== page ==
Title:
DUAL MODE VEHICLE AND SYSTEM FOR HIGH SPEED SURFACE TRANSPORTATION
Kind Code:
A1


Abstract:
A dual-mode vehicle system for surface transportation comprising a cab, first and second independently-driven hubs coupled to the cab, and an inclined plane extending from a first surface to a second surface. The first and second independently-driven hubs each have first and second portions wherein the first portion of the second independently-driven hub propels the cab along a third surface at least until the second portion of the first independently-driven hub cooperates with the inclined plane to propel the cab up to said second surface. A dual-mode vehicle for surface transportation and a method of manufacturing the dual-mode vehicle is also provided.



Inventors:
Langenbeck, Keith A. (Richardson, TX, US)
Application Number:
11/382753
Publication Date:
02/08/2007
Filing Date:
05/11/2006
Primary Class:
International Classes:
B61C15/00
View Patent Images:



Primary Examiner:
MCCARRY JR, ROBERT J
Attorney, Agent or Firm:
Keith A. Langenbeck (540 E. Buckingham Road #916, Richardson, TX, 75081, US)
Claims:
What is claimed is:

1. A dual-mode vehicle system for surface transportation, comprising: a cab; first and second independently-driven hubs coupled to said cab, said first and second independently-driven hubs each having first and second portions; and an inclined plane extending from a first surface to a second surface wherein said first portion of said second independently-driven hub propels said cab along a third surface at least until said second portion of said first independently-driven hub cooperates with said inclined plane to propel said cab up to said second surface.

2. The system as recited in claim 1 wherein said third surface is a guided roadway and said second surface is an unguided roadway.

3. The system as recited in claim 1 wherein said third surface is an elevated roadway.

4. The system as recited in claim 1 further comprising first and second motors coupled to each of said first and second independently-driven hubs, respectively.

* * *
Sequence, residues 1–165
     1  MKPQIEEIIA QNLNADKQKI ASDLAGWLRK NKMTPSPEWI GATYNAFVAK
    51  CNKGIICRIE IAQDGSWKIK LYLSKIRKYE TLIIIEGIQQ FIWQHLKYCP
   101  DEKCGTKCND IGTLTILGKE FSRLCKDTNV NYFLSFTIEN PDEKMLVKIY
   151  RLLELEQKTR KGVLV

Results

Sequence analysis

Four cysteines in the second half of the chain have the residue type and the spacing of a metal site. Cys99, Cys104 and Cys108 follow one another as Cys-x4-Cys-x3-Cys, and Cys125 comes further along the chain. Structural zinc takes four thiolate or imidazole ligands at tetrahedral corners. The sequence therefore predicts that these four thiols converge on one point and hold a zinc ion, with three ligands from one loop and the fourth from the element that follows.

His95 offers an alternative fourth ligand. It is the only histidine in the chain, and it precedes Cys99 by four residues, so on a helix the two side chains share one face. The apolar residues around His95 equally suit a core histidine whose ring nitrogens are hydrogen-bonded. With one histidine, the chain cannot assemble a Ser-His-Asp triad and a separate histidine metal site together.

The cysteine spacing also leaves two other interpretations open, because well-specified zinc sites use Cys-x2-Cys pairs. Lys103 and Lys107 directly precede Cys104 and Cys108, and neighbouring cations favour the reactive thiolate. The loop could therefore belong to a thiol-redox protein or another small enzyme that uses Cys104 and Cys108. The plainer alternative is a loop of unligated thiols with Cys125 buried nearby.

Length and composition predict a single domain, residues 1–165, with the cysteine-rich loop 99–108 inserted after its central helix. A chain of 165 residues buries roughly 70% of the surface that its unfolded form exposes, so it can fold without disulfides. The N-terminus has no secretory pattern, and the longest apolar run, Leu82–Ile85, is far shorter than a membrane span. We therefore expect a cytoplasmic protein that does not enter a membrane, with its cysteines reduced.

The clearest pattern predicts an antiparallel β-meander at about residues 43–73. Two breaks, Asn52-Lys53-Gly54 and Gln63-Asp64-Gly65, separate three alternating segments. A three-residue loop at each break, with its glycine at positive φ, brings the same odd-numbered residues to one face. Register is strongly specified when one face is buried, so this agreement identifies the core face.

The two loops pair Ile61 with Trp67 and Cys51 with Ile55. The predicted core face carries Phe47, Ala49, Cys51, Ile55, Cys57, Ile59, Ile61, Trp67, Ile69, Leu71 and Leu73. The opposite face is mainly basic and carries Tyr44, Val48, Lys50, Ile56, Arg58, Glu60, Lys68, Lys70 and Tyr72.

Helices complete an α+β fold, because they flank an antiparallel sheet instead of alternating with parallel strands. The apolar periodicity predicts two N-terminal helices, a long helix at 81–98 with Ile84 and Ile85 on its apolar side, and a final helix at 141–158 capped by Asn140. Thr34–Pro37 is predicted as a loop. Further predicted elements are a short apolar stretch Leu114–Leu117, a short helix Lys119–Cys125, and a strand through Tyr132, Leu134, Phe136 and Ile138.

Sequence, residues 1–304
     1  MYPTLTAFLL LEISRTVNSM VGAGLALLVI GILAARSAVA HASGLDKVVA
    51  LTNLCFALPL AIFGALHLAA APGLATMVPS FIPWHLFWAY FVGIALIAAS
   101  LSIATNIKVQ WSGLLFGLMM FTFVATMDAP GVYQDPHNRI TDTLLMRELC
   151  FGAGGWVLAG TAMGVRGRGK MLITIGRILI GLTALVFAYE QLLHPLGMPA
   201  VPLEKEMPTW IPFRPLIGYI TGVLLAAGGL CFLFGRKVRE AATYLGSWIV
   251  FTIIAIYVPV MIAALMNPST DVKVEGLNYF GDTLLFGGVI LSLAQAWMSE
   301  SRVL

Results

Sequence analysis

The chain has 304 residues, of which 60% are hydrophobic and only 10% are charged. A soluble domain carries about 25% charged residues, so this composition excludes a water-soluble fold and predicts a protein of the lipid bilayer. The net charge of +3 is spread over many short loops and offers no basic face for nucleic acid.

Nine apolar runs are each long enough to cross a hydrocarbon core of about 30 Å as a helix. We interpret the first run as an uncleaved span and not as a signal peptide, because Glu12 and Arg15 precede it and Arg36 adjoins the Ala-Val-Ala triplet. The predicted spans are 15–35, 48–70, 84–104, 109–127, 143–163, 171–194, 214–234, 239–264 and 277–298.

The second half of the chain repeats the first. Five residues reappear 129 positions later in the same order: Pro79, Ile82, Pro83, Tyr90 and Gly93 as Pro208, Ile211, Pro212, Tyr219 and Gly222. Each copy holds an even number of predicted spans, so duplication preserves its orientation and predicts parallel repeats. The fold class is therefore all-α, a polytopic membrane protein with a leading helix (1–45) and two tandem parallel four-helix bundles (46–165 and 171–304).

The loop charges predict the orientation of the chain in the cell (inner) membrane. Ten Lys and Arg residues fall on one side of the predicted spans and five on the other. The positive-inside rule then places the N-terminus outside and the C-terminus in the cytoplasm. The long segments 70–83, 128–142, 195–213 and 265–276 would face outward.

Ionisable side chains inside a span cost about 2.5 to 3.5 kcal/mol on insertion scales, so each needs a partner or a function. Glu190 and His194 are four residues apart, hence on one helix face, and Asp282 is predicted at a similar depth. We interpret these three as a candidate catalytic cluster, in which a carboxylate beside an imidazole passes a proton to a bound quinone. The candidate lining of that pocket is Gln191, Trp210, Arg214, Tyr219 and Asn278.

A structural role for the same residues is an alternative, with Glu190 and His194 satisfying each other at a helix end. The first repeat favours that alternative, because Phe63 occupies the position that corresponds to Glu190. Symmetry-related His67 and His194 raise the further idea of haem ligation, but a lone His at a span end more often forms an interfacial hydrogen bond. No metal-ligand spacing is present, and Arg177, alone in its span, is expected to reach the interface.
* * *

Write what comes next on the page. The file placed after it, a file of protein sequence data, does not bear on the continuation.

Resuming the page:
5. The system as recited in claim 1 further comprising an autonomous power system within said cab coupled to and driving said first and second independently-driven hubs.

6. The system as recited in claim 1 further comprising an aerodynamic control surface coupled to said cab and configured to control an effective weight of said cab.

7. The system as recited in claim 6 further comprising a system computer coupled to said first and second independently-driven hubs and said aerodynamic control surface.

8. The system as recited in claim 1 further comprising an active suspension system coupled between said cab and said first and second independently-driven hubs.

9. The system as recited in claim 1 wherein said cab has a substantially flat bottom surface.

10. The system as recited in claim 1 wherein each of said first and second independently-driven hubs comprise a single piece.

11. A dual-mode vehicle for surface transportation, comprising: a cab; and first and second independently-driven hubs coupled to said cab, said first and second independently-driven hubs each having first and second portions comprising a single piece.

12. The dual-mode vehicle as recited in claim 11 further comprising first and second motors coupled to each of said first and second independently-driven hubs, respectively.

13. The dual-mode vehicle as recited in claim 11 further comprising an autonomous power system within said cab coupled to and driving said first and second independently-driven hubs.

14. The dual-mode vehicle as recited in claim 11 further comprising an aerodynamic control surface coupled to said cab and configured to control an effective weight of said cab.

15. The dual-mode vehicle as recited in claim 14 further comprising a system computer coupled to said first and second independently-driven hubs and said aerodynamic control surface.

16. The dual-mode vehicle as recited in claim 11 further comprising an active suspension system coupled between said cab and said first and second independently-driven hubs.

17. A method of manufacturing a vehicle for surface transportation on both a guided and unguided roadway, comprising: providing a cab; and coupling first and second independently-driven hubs to said cab, said first and second independently-driven hubs each having first and second portions comprising a single piece.

18. The method as recited in claim 17 further comprising: coupling first and second motors to each of said first and second independently-driven hubs, respectively; and coupling an autonomous power system within said cab to drive said first and second independently-driven hubs.